Saving money. It's a game for all the family. There is absolutely no point in denying yourself shoes from Gina if you then allow your credit card to run wild in Junior Gap. Hence, when shopping for baby Lucien's first pair of shoes, I scorned my former pattern with the older three, which was to celebrate those first steps with a delectable pair of kid-glove soft baby Kickers (£40). Lucien is therefore now staggering around in a pair of First Walkers from Woolworth's, (£6), which come adorned with a flag of St George and "England". I think they are probably made of plastic. If they came in a size 12 they would be perfect for one of Prince Harry's unpleasant fancy dress romps at Sandhurst, but never mind. We all love them and I think Lucien is pretty chuffed with them himself. He gurgles when he sees them.
Meanwhile my old-style habit of falling into Borders, Hamleys or, yes, Harrods, and buying games and presents for my children as the fancy took me, has been replaced with visits to the library, free games (hide and seek, sardines, rock/scissors/paper), and an official pocket money moment each Saturday morning for the older pair. One gets £3, the other £2. All their stickers, sweets, magazines and hairbands must come from this budget. If they want to buy anything that costs any more than this, we then must move into a tortuous set of home banking calculations involving pocket money loans, and chores. Car washing, for example, gets a quid. Room tidying, ditto. Urgent chores, such as finding Mummy's mobile phone, get a fiver.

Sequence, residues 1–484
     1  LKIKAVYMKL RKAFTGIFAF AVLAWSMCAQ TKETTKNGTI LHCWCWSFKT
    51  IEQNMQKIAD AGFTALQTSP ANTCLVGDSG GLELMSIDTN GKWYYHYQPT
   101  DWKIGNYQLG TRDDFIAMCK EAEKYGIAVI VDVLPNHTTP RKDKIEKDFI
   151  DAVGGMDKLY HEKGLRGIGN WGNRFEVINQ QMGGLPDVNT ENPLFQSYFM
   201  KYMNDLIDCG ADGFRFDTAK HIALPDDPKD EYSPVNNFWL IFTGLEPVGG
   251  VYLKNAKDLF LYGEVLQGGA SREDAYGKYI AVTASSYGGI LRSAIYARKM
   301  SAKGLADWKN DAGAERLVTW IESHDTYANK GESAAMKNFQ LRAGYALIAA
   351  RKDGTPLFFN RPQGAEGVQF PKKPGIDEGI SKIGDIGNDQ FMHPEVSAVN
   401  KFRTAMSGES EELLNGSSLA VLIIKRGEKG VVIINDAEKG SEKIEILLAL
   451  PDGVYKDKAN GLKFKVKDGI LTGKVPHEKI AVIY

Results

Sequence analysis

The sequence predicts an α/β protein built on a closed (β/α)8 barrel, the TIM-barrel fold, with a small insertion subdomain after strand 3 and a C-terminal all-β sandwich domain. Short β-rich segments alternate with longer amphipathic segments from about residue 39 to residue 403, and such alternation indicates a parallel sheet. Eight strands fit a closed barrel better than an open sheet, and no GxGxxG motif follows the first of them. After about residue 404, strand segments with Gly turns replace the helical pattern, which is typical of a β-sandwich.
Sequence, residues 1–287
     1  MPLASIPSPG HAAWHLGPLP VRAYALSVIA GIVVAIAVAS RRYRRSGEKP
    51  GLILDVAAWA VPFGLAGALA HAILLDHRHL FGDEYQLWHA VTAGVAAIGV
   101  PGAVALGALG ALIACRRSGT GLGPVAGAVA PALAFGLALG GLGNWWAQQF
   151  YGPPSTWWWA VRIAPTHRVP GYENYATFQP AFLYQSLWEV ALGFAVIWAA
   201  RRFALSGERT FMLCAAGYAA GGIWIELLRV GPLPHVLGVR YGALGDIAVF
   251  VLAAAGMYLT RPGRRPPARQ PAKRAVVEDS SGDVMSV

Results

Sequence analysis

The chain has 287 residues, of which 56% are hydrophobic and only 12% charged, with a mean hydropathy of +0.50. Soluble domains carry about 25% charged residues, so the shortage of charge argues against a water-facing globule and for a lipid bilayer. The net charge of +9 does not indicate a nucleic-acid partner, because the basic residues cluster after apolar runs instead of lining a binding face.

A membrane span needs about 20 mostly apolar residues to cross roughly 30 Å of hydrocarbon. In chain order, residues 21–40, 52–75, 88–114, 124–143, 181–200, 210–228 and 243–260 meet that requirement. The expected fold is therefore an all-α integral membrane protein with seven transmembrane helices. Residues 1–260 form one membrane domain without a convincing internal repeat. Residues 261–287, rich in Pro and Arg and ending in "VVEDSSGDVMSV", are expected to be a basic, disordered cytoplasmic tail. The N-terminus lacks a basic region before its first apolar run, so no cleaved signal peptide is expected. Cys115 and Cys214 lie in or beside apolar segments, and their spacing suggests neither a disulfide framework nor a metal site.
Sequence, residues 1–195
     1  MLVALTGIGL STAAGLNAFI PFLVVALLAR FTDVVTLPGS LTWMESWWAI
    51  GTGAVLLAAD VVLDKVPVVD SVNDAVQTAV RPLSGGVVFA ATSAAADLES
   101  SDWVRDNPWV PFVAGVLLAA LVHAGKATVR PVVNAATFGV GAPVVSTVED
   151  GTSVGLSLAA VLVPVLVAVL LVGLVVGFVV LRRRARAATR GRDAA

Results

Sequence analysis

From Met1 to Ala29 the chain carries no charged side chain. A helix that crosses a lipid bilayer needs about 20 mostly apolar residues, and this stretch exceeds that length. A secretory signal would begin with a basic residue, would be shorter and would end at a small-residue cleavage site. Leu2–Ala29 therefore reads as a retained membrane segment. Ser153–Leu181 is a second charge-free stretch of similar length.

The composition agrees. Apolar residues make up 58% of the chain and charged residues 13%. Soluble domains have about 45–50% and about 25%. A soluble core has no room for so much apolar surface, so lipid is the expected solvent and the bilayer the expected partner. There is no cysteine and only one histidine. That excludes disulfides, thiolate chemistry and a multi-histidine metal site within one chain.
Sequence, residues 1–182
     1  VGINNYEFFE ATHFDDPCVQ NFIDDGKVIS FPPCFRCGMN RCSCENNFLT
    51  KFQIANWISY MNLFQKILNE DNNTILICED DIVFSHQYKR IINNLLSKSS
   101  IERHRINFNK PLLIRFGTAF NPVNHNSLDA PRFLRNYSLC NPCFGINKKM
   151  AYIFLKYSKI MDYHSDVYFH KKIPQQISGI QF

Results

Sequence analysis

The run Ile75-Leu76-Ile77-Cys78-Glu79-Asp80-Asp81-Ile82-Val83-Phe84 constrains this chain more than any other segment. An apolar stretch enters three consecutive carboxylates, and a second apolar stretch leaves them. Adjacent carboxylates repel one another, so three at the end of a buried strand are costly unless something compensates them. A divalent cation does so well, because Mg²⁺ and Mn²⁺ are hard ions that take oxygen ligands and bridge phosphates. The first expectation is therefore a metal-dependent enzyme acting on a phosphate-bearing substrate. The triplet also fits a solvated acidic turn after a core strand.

My parents, who learnt how to read by studying Second World War ration coupons, roll their eyes at this; and indeed, my childhood was marked by enforced, unpaid, washing of the family Cortina. Never mind. I think that teaching Gabriel that a Penalty Football Net, £5.99 (again, from Woolworth's, which I now realise is a brilliant store), is akin to three weeks' worth of pocket money, is a good lesson. Hopefully, it will mean that he will never end up in the same embarrassingly impecunious position as his mother.
Even family meals are feeling the influence of Tightwad Central, although perhaps not quite as happily. Embarking on supper for the Junior Millards this week, I realised I had no tin foil for their planned repast of honey-grilled sausages (note: to be a true Thrift Queen you must plan all meals in advance). Never mind, I thought, remembering what I thought was a key tip in my bedtime book, the Tightwad Gazette, I'll go for the cereal packet option! I distinctly recall reading that emptied cereal bags are usable in the oven. I poured out my Lidl cornflakes into a sandwich box and spread open the waxed paper bag. It was a truly thrifty moment.
The cereal bag went on to the baking tray, the sausages were laid on to the bag, the honey dribbled over the bangers, and everything set under the grill. Brilliant me, I hummed, as I wandered around my kitchen. Then I went upstairs to do my monthly credit card audit. What an exciting life this economic drive has proved to be so far, for me. Hooray! I discovered I will be below the £30,000 mark by the middle of next month. What progress. I then wandered back into the kitchen. Oh, God. The room was full of chemically induced smoke. The smell was an interesting melange of acrid polyurethane and sausage, with top notes of honey. I opened the oven. It was at this juncture I discovered that these cereal bags are actually very much not the sort of thing which you should ever put under a red-hot grill.
The bag looked like something from the Doctor Who special-effects department. I peeled off the sausages. They seemed to be OK. So I put them back under the grill. There was nothing else to give the poor blighters, you see, apart from dry chickpeas, or raw parsnip. The days when I had a fridge groaning with ready-to-eat Sainsbury's fodder, from hummus to cheesecake, are over. Following my Pauline conversion to all things economical, I now only have one meal on offer at any one time.
I decided to leaven the balance by knocking up some fairy cakes from my Nigella cookbook. Well, if I can't be a true Thrift Queen, I'm damned if I can't be a Domestic Goddess.Reuse content